The Recreation Vehicle Industry Association commissioned an Economic Impact Study on the RV industry, released on June 7, 2016. The study found that the RV industry contributes about $49.7 billion in economic output or 0.28 percent of the Gross Domestic Product. Through its production and distribution linkages, the industry impacts firms in 426 of the 440 sectors of the United States economy.
Nationwide, the industry is responsible for 216,170 jobs, both directly and inderectly, creating an economic impact of $37.5 billion. The full study results, along with each individual state and congressional district's economic impact is available on the website by clicking here .
Wed Jul 20, 2016
The RV industry in Illinois is off to a great start in the summer of 2016, with several products continuing to trend upward from the previous year.
With the summer months, the family units and models are the ones jumping off the parking lots, such as the bunk houses and travel trailers.
Fourwinds RV in Peoria, Illinois is one dealership that has seen the sale of RVs increase from last year, and owner Pete Koyak says the trend he’s seeing is a focus on the family.
“We have been very busy. Last year was a really good year as far as people purchasing RVs and this year we’re up over that,” Koyak says. “We are seeing the continuing growth of people wanting and buying RVs. Right now in summertime, you get a lot of families buying. The demographic is a lot of the younger families in that 30-40 age range with kids.”
Koyak also says it seems the summer months push family vacations and bonding more than any other time of the year, because the family is home more often and has more time to do things together.
“There’s a growing trend for people to want to have more concentrated time together as a family,” Koyak says. “Rather than everyone on their iPods and cell phones and all that. Camping gives you that throwback – they remember camping as a kid and they want to relive that a little bit and share that with their kids and it gives it more of that family bonding, hanging out in campgrounds. You’re interacting with each other rather than gadgets.”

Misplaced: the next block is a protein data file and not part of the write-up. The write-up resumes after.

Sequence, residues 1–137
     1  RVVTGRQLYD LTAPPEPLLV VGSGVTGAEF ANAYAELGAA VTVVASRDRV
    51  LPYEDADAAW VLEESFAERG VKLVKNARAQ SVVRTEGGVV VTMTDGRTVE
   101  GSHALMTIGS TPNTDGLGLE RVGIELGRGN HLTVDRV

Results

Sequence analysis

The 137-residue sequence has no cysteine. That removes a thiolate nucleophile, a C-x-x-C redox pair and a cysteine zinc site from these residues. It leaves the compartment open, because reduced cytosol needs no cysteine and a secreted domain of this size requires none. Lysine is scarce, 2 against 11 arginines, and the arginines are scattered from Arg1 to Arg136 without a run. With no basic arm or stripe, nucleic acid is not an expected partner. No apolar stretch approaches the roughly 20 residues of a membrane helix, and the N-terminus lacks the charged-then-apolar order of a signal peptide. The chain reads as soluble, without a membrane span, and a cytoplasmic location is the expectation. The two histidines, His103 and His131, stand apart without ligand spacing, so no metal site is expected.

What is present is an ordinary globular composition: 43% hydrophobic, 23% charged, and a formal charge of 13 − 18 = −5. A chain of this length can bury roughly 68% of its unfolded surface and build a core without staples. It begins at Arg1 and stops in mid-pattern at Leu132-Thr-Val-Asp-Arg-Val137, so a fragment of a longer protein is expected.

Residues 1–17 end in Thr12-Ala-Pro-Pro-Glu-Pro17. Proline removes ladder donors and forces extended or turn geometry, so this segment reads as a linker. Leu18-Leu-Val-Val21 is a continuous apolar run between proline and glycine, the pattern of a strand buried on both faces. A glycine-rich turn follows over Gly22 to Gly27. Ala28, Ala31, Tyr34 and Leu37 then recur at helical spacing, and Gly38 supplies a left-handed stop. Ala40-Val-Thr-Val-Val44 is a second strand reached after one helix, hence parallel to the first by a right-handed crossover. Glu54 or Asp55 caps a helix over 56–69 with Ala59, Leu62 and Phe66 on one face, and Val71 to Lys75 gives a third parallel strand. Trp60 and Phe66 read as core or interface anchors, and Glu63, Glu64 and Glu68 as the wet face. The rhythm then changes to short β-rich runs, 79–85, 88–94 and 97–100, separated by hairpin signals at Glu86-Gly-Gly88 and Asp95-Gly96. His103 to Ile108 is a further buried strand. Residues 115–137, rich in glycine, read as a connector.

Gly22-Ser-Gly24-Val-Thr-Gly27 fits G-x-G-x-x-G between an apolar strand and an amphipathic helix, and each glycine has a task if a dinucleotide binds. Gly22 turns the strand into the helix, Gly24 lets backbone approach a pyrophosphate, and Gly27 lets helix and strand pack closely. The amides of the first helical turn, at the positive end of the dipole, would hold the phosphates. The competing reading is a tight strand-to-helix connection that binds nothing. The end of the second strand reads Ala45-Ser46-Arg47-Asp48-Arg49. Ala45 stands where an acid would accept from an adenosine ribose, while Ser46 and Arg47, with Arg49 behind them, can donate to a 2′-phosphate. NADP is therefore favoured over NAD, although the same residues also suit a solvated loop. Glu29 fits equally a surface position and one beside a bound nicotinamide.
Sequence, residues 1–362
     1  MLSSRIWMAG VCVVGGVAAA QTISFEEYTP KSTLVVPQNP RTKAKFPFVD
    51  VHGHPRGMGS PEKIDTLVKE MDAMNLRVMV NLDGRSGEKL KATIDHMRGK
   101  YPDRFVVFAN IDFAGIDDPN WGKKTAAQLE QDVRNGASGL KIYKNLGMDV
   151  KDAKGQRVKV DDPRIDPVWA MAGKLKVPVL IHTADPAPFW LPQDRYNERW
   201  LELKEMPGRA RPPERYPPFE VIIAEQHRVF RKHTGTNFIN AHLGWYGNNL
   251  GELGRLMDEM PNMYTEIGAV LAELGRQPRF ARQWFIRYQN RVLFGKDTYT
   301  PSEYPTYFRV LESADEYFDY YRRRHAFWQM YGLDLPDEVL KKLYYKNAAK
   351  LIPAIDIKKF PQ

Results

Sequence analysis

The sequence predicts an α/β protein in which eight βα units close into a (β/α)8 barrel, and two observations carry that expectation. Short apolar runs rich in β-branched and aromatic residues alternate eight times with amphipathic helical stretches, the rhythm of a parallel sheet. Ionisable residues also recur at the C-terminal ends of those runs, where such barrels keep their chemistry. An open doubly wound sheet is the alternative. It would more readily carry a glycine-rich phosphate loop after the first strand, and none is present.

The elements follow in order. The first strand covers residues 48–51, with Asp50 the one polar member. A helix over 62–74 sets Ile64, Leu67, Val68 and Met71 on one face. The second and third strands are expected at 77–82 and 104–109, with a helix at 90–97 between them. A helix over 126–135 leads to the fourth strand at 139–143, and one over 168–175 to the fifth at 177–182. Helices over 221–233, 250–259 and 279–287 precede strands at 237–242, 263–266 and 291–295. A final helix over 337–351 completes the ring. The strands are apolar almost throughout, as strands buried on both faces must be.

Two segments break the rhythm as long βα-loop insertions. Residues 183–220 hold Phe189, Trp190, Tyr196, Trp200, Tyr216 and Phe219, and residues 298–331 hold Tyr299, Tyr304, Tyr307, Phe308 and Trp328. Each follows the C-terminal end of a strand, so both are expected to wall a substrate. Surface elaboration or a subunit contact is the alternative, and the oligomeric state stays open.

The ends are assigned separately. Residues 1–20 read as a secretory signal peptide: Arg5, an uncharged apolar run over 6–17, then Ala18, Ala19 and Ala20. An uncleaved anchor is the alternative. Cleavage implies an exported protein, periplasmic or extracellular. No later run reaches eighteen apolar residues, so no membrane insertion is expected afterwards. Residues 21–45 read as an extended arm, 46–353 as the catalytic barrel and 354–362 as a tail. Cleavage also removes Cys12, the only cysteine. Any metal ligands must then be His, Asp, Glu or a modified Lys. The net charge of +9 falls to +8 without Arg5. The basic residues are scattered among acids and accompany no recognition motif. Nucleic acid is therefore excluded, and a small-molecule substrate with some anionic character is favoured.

Richard Flowers at Larry’s Trailer Sales in Mulkeytown in the southern part of the state says he is seeing a focus on customers buying the low-end motorhomes and trailers, rather than splurging on anything elaborate and expensive.
“In our market, we trended toward the lower end products sold better,” Flowers says. “It’s been the stick and tin regular ones. They took the frills out of them and (the customers) love them.”
However, the cheaper trailers have hurt the used RV business, Flowers says. When customers see a new RV without the gadgets and gizmos at only a fraction more of the cost than a used RV with all the bells and whistles, customers have stayed away from the used to buy the new.
On both trends seen throughout the northern and southern parts of the state, Koyak says RVs have never been a necessary item to have. But it’s been obvious over the past couple of years that they are things people are wanting more and more, helping the RV industry grow throughout the state.
“Nobody needs one of these. It doesn’t get you to the grocery store or get the kids to school,” Koyak says. “But thankfully, they want them and there are benefits. The big one is family bonding in a world where we’ve become so distant from each other. Text, email, it’s so impersonal that this is away to not let go of those family values that we all grew up with before technology became such a major factor. These RVs have everything we need and, yes, a lot of them are gadgety, but it slows down life a little bit, which is fantastic.”